|11th Light Infantry Brigade|
The following article was published in The Leader issue for February 15, 1974 and is used as a biographical source for Colonel Treadwell on this website.
Treadwell to retire Feb. 27 ending distinguished career
After more than 33 years service, Colonel Jack L. Treadwell will retire Wednesday, Feb. 27, in retirement ceremonies to be held at the Ft. Jackson Officer's Open Mess at 10:30 a.m.
Major General William H. Blakefield, commander, Readiness Region II, will present Col. Treadwell with the Legion of Merit, third Oak Leaf Cluster for exceptional meritorious conduct from July 1972 through February 1974, while assigned as the Senior Army Advisor, 120th Army Command, U.S. Army Readiness Region III. Col. Treadwell will also be presented a Certificate of Appreciation from the Chief of Staff, U. A. Army.
Col. Treadwell, holder of more medals than anyone in the Armed Forces, including the Medal of Honor, was born in Ashland, Ala., March 30, 1919. He graduated from Snyder, Oklahoma High School in 1937 and attended Southwestern State College, Weatherford, Okla. in 1937 and 1938. He is a graduate of the University of Omaha, Nebraska.
Believed to be the nation's most highly decorated man in the Armed Forces, he was cited for the Medal of Honor near Nieder Wurzbach, Germany, March 18, 1945, while serving as commander of Fox Company, 180th Infantry, 45th Division.
In spite of concentrated enemy fire, he went forward alone, armed with the submachine gun and grenades, to clear the way for his pinned-down company. Never slackening his attack, he singlehandedly captured six pillboxes and 18 German prisoners -- paving the way for his battalion to start a major breakthrough of the Siegfried Line.
Col. Treadwell, in addition to the Medal of Honor, has received the Distinguished Service Cross, Silver Star, three awards of the Legion of Merit, Distinguished Flying Cross, Soldiers' Medal, Bronze Star with "V" device fo valor and two Oak Leaf Clusters, Air Medal with 12 Oak Leaf Clusters, Army Commendation Medal, Purple Heart with three Oak Leaf Clusters, two awards of the Combat Infantryman Badge and the Senior Parachutist Badge.
Col. Treadwell has also been awarded the French Croix de Guerre with Gold Star, the Vietnamese Cross of Gallantry with Gold Star.
In June 1970, he was presented the Oklahoma Distinguished Service Cross in recognition of extraordinary heroism involving great personal danger and risk of life in the line of military duty and for outstanding service to the Oklahoma Army National Guard during the period 1941-70. The presentation of the state's highest decoration for extraordinary heroism was made by then Governor Dewey Bartlett.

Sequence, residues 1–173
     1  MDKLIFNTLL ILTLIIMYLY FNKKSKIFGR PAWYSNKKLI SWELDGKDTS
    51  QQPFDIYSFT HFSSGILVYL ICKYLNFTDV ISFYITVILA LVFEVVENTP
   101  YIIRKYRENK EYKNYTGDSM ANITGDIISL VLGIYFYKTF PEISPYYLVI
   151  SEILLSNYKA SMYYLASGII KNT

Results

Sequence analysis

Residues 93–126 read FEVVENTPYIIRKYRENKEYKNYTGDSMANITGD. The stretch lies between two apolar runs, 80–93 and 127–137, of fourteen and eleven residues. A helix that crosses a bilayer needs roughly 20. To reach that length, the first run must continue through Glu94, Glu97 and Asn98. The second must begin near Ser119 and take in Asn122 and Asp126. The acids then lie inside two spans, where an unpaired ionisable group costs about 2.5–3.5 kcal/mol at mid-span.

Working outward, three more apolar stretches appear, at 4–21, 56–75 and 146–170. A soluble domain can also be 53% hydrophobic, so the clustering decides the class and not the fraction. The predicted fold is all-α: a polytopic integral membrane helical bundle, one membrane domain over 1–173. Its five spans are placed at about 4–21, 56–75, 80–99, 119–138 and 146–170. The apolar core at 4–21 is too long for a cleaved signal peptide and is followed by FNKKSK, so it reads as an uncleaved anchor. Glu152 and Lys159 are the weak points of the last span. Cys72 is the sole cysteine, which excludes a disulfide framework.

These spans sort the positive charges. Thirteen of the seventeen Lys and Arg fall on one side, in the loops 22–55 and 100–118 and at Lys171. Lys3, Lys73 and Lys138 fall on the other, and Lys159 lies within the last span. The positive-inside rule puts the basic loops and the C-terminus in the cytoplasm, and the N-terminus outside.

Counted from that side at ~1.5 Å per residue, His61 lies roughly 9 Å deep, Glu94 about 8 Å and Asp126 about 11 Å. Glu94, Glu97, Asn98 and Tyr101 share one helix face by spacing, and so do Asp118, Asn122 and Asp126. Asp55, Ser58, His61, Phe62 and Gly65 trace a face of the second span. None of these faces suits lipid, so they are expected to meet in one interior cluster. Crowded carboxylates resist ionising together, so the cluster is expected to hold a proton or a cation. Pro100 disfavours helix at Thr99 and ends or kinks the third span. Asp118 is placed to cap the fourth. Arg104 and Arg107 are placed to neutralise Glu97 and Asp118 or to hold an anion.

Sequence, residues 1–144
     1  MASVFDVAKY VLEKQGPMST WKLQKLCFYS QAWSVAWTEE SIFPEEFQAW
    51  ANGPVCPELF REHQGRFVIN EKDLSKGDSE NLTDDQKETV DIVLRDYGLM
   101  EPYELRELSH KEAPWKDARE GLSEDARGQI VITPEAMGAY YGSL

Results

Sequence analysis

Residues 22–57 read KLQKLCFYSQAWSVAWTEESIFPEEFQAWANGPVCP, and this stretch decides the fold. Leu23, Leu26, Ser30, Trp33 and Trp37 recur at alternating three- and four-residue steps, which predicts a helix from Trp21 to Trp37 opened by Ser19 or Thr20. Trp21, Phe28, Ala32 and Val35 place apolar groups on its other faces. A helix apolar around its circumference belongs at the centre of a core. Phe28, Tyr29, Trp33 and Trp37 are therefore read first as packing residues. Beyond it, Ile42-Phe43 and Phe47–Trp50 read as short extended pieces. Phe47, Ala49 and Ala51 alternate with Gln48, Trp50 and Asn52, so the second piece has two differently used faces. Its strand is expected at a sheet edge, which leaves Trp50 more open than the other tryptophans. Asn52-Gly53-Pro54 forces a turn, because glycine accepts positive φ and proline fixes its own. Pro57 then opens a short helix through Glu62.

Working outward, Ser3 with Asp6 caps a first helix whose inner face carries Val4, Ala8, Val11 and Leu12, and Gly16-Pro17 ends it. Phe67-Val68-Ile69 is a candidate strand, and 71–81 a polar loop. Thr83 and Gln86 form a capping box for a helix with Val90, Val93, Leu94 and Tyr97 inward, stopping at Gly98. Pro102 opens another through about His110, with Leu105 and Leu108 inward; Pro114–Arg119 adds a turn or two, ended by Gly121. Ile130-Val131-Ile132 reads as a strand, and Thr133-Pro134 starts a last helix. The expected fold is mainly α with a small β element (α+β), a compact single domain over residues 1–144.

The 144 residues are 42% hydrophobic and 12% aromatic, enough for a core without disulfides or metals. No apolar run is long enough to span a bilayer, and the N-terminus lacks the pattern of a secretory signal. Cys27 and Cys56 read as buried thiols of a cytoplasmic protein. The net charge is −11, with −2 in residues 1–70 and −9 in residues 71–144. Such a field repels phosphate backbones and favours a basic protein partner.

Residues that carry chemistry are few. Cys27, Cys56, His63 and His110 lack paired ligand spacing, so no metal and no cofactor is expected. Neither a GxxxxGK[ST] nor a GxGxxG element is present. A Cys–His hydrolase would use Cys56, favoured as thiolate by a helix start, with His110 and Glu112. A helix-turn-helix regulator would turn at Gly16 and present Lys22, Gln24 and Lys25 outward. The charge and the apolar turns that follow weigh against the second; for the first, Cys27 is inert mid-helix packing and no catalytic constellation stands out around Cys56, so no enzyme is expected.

During combat in WW II Col. Treadwell received eight campaign ribbons. They represent Sicily, Salerno, Naples, Foggia, Rome, Arno, Southern France, Rhineland Central European, and Alsace Alsace campaign. During the fighting at Anzio he received a battlefield commission as second lieutenant. He rose from private to captain during WW II.
Col. Treadwell also participated in three campaigns in Vietnam: the Vietnam Counteroffensive Phase 5, Vietnam Counteroffensive Phase 6 and the Tet 1969 Counteroffensive. During the campaigns in Vietnam he was Chief of Staff of the Americal Division and later commanded the 11th Infantry Brigade.
After visiting relatives in Synder, Lawton, and Duncan, Okla., Col. Treadwell and his wife, the former Maxine Johnson of Mooresville, Ind., hope to settle in Ardmore-Ada, Okla. area, where they plan to raise horses.
The Treadwell's have three daughters: Mrs. John L. Carson whose husband is a lieutenant in the Army and stationed at Ft. Beening, Ga.; Mrs. John P. Floir whose husband is also a lieutenant in the Army and stationed at Ft. Sill, Okla.; and Tracee Ann who is presently attending the University of South Carolina but plans to transfer to Oklahoma State University.
Colonel Jack L. Treadwell died on December 12, 1977 from open-heart, bypass surgery. If you have a remembrance of him that you would like to share, please visit his remembrances page and email the webmaster. A picture of his gravesite is located at the Home of Heroes Web site.